Morrison puts all tax options on table
Treasurer Scott Morrison says the government is open to the 'full plethora' of options for tax reform including the GST and Medicare levy.
Mr Morrison met with state and territory treasurers in Sydney on Friday where he provided them with a detailed treasury-costed list of possible tax system changes.
He confirmed the list included the GST and Medicare levy.
Mr Morrison's asked the treasurers to provide their own proposed changes to state-imposed taxes for discussion at the next meeting.
'We're talking about the plethora of options that exist at the federal level,' Mr Morrison told reporters after the meeting.
However, the treasurers were in a 'discovery phase' and he would not be drawn on which options the federal government was leaning towards.
'I think Australians would expect us to work methodically through what all the options are, because at the end of the day this is about ensuring Australians have a strong economy ... that's producing jobs and producing the revenue that is necessary to deliver important services.'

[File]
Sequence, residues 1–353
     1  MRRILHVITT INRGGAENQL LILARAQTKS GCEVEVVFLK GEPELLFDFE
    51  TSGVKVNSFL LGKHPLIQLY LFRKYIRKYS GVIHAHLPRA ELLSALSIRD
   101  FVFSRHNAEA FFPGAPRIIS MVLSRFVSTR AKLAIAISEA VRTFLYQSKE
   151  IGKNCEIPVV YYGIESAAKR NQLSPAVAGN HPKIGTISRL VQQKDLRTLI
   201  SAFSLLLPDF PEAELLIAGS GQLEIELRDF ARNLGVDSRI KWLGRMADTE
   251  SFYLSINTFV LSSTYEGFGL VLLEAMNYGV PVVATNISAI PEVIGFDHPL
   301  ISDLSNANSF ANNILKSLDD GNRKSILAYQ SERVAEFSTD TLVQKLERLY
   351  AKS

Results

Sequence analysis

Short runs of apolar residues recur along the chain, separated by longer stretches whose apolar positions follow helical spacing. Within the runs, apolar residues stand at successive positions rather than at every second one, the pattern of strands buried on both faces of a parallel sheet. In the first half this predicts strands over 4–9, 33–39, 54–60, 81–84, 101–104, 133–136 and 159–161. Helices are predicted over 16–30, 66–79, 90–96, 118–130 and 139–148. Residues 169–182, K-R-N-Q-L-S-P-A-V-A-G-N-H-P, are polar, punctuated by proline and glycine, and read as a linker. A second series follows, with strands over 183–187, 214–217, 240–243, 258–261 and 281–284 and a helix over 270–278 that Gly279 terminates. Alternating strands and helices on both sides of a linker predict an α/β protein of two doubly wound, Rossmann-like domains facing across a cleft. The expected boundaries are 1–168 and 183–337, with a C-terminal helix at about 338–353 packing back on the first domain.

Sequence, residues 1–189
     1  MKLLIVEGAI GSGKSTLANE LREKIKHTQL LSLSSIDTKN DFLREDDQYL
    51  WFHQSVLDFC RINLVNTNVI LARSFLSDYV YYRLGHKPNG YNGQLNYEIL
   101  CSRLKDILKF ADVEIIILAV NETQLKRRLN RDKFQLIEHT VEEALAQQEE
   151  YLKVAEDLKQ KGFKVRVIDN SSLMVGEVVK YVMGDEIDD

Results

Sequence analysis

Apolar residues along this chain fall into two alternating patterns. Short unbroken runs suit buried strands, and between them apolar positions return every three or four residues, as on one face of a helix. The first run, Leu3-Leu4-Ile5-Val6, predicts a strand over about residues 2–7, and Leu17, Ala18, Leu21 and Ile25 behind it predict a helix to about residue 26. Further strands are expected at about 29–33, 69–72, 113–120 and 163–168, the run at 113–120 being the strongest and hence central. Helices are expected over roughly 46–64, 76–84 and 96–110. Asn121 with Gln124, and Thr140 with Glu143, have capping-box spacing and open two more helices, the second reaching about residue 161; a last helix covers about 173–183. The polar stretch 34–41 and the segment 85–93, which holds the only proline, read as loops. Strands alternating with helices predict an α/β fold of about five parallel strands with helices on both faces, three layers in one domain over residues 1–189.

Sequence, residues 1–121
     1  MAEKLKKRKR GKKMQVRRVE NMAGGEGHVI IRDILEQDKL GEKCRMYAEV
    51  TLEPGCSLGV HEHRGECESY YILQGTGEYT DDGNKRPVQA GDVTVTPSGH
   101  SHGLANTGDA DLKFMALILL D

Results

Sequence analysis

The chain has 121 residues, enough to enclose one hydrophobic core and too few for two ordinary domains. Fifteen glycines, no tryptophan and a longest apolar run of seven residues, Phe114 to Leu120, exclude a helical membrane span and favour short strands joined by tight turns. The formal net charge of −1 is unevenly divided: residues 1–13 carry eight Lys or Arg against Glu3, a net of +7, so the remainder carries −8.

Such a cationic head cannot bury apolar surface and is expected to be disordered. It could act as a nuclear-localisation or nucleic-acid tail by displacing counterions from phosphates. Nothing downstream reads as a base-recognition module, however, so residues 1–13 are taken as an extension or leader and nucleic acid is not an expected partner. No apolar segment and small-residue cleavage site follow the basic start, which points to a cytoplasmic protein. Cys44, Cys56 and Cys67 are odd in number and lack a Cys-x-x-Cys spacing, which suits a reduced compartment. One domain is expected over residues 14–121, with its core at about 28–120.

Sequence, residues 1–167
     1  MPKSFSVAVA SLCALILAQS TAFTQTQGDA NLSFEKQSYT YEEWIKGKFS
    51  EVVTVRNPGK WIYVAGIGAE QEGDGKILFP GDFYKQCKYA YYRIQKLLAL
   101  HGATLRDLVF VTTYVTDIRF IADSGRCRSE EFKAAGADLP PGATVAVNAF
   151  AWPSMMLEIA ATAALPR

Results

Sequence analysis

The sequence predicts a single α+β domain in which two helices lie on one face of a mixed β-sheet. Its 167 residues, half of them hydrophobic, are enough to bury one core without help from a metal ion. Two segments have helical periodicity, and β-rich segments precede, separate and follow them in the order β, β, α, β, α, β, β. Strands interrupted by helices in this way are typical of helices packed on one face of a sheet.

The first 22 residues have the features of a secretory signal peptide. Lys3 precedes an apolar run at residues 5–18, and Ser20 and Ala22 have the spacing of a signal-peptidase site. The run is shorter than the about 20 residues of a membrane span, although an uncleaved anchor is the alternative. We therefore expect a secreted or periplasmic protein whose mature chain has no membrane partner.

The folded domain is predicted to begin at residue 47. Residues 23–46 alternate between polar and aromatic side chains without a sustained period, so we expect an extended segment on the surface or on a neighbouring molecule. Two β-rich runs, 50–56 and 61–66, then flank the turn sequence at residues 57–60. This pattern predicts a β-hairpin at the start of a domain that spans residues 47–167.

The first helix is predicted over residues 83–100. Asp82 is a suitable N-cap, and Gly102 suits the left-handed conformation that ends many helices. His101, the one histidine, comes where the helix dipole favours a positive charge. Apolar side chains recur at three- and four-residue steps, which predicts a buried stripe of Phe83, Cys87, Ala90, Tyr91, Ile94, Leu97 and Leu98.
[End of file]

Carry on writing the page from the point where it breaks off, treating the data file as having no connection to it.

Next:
The treasurers also discussed productivity including greater competition - based on advice from the recent Harper review - and more spending on infrastructure.
'The productivity challenges that we have are now without doubt the most important thing we must collectively address,' Mr Morrison said.
The last major competition policy review had led to a 2.5 per cent boost in economic growth, he said.
Also on the agenda was how to better use the $11 billion spent on public housing and accommodation support each year.
Opposition Leader Bill Shorten told reporters in Sydney he didn't accept the GST base needed to be broadened or its rate raised.
'The Labor party doesn't support an increase in the price of everything,' he said.
Instead the government should seek to ensure multinationals paid their fair share of tax.
Assistant Treasurer Kelly O'Dwyer said the government had given extra powers to the tax office to investigate and prosecute people not paying their fair share of tax in Australia.
Ms O'Dwyer also flagged her support to stop workers on average incomes heading into the second-top tax bracket.
She said it was 'extraordinary' to think such bracket creep could be allowed to occur.
'Just consider that - average income, second highest tax bracket - that's pretty extraordinary and we can't continue to have the tax burden fall upon people who are working hard to provide for their families,' she told 2GB radio.